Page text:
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Monadnock-Sunapee Greenway Supermap is now available

View from Mount Sunapee looking south toward Mount Monadnock, in the far distance to the right, and showing the Sunapee Ridge and Lovewell Mountain (center-left).

View from Mount Sunapee looking south toward Mount Monadnock, in the far distance to the right, and showing the Sunapee Ridge and Lovewell Mountain (left of center).

A new Greenway Super Map is now available from the Monadnock-Sunapee Greenway Trail Club. Price: $10.00. The full color map (18 x 24 in size) includes all trail highlights of the Greenway, from Mount Monadnock to Pitcher Mountain on side one, and Pitcher Mountain to Mount Sunapee on the other side. All feeder trails on Mount Monadnock, Mount Sunapee and in Pillsbury State Park are included, as are section mileages, shelter locations, trail history, water source locations, GPS coordinates for all points of interest, and more.

For ordering information, visit the trail club website store at www.msgtc.org/store

The Monadnock-Sunapee Greenway Trail Club (MSGTC) is a non-profit organization that formed in 1994. It’s mission includes trail maintenance efforts along the 48-mile hiking trail and to provide support for their volunteers and trail adopters, and to promote awareness of  the natural beauty of  The Greenway. 

Forest Society working to buy popular trailhead for Mt. Sunapee hike to Lake Solitude

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A hiker ascends the Andrew Brook Trail in Newbury. Courtesy photo.

When the Society for the Protection of N.H. Forests (Forest Society) posted on Facebook a plan to buy a property in Newbury that hosts the trailhead of a hiking route to Lake Solitude on Mt. Sunapee, hikers who know the Andrew Brook Trail responded quickly.

They posted phrases like “Love this hike,” “One of my favorite spots” and “Best way to hike Sunapee.”

“Those posts told us we were working on a project that would make a lot of people very happy,” said Jane Difley, the Forest Society’s president/forester.

There are three major hiking trails on Mt. Sunapee, but only one, the Summit Trail, is entirely within Mt. Sunapee State Park. The Andrew Brook Trail is one of two others that cross private land before entering permanently protected land in the state park. Access to the trailhead has been at the generosity of the landowner and could be denied by any future landowner.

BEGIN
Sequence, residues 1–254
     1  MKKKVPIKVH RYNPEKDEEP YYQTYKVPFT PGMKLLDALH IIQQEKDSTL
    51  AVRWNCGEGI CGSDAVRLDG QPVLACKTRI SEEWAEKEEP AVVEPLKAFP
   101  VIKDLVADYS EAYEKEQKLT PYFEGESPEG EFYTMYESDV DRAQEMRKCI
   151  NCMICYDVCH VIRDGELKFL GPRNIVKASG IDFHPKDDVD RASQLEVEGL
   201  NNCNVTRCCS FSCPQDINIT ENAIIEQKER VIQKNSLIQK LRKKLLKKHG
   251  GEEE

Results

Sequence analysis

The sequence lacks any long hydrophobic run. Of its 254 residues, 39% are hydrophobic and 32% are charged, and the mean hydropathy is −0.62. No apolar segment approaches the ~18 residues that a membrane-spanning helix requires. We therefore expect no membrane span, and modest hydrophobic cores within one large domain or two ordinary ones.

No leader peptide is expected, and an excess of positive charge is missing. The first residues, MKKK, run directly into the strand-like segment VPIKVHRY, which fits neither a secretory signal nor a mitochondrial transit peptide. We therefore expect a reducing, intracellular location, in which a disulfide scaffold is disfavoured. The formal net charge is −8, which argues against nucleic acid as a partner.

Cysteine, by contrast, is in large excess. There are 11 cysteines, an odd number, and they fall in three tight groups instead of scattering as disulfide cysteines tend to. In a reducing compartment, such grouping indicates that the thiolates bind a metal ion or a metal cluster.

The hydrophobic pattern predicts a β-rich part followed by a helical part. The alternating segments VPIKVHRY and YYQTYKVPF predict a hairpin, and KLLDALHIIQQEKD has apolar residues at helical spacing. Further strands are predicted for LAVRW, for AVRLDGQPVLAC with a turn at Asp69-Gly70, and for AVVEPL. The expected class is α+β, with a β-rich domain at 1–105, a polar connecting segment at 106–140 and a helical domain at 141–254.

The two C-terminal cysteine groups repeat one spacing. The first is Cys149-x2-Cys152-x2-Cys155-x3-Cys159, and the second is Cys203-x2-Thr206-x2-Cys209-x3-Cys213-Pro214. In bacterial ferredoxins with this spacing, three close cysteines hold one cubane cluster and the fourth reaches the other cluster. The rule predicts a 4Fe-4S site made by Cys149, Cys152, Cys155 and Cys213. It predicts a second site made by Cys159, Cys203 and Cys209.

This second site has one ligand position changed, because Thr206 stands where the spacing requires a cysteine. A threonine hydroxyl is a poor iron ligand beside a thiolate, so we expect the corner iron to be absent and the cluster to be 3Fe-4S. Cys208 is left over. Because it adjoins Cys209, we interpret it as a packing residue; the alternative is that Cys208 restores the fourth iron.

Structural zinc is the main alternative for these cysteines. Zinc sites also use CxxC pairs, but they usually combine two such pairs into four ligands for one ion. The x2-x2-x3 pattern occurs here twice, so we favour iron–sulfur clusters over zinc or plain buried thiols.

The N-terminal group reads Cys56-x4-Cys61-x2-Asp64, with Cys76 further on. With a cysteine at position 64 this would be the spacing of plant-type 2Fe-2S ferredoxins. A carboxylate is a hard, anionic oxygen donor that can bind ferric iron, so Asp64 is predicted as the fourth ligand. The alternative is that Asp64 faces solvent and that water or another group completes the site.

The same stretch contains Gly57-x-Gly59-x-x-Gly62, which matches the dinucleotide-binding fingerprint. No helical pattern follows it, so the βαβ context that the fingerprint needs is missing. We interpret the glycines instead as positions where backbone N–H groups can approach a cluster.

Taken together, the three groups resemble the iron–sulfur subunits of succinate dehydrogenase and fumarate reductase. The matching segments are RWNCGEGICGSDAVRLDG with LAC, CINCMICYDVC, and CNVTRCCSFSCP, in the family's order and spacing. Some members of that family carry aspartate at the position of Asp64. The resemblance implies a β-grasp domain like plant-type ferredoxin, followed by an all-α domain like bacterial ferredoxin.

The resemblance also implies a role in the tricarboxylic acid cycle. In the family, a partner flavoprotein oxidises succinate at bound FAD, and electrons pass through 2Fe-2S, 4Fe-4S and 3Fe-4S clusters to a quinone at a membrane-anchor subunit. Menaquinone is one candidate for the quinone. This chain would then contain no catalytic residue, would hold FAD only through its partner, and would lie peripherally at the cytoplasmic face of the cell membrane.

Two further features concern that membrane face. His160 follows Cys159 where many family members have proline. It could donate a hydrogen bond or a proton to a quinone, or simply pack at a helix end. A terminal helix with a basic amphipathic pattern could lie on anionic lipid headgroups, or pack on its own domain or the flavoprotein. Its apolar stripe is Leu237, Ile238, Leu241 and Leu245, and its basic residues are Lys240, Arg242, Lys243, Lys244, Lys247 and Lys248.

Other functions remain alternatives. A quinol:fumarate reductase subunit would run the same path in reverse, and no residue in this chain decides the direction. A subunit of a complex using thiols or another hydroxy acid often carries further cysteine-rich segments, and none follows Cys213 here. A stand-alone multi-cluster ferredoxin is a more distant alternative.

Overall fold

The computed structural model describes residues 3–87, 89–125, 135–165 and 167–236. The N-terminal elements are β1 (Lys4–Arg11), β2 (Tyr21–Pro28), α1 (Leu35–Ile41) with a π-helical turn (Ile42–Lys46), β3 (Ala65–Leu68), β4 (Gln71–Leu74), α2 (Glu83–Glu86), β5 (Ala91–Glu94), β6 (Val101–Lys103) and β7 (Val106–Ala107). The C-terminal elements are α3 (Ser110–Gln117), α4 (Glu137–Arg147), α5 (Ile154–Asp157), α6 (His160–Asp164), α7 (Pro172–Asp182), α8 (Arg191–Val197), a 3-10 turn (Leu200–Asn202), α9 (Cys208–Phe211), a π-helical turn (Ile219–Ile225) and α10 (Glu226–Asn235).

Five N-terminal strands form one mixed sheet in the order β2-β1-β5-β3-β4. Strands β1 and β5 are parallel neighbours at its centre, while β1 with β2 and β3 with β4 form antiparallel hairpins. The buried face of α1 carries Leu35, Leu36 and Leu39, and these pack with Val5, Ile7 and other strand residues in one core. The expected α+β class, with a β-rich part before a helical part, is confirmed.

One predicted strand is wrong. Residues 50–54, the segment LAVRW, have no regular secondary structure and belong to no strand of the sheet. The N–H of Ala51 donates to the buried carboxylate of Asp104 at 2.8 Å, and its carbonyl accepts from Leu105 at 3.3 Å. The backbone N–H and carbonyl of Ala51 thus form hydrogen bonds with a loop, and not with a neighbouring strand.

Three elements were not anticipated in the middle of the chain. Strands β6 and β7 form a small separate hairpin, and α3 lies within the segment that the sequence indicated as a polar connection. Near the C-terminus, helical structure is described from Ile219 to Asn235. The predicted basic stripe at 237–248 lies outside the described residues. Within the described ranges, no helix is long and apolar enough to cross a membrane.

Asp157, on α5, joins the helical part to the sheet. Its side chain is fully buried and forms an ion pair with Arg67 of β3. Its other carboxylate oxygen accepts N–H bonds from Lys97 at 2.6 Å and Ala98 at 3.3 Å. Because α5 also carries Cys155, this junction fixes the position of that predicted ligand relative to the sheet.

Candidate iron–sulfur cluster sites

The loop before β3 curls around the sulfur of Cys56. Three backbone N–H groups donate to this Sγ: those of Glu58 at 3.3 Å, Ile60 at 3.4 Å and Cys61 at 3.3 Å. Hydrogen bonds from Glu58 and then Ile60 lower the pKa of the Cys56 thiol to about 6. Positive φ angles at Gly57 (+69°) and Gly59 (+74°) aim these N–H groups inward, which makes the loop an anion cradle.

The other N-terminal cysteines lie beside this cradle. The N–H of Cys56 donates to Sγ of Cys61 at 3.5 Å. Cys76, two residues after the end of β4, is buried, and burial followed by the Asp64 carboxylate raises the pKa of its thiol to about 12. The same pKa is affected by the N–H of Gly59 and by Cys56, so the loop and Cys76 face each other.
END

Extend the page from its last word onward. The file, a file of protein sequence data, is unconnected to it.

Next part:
AndrewBrook_MailingMapv5-1

Click on map to enlarge.

The Forest Society offered to buy the land, 33 acres off of Mountain Road in Newbury, when it came up for sale recently, and has a purchase-and-sales agreement with the landowner. First, however, the organization must raise $110,000 to cover the purchase, legal fees and future stewardship costs.

“We are reaching out to the hiking community and friends and neighbors in the Newbury area to ask for their support of our plan to protect the trailhead,” Difley said.

The Andrew Brook Trail ascends along Andrew Brook and climbs through a beech, birch and maple forest for two miles before reaching Lake Solitude, a pristine pond surrounded by conifers. It then connects to the Sunapee Ragged Kearsarge Greenway’s 75-mile trail system and continues to the scenic cliffs of the  White Ledges area and Mt. Sunapee’s summit.

“Most hikers of these heavily used trails have no idea that only the generosity of a private landowner allows access to the State Park,” said Gerry Gold, of the Sunapee Ragged Kearsarge Greenway Coalition. “Thus it is a rare opportunity when the hikers and the hiking community have an opportunity to help purchase such important access and permanently protect that access for themselves and future generations of hikers.”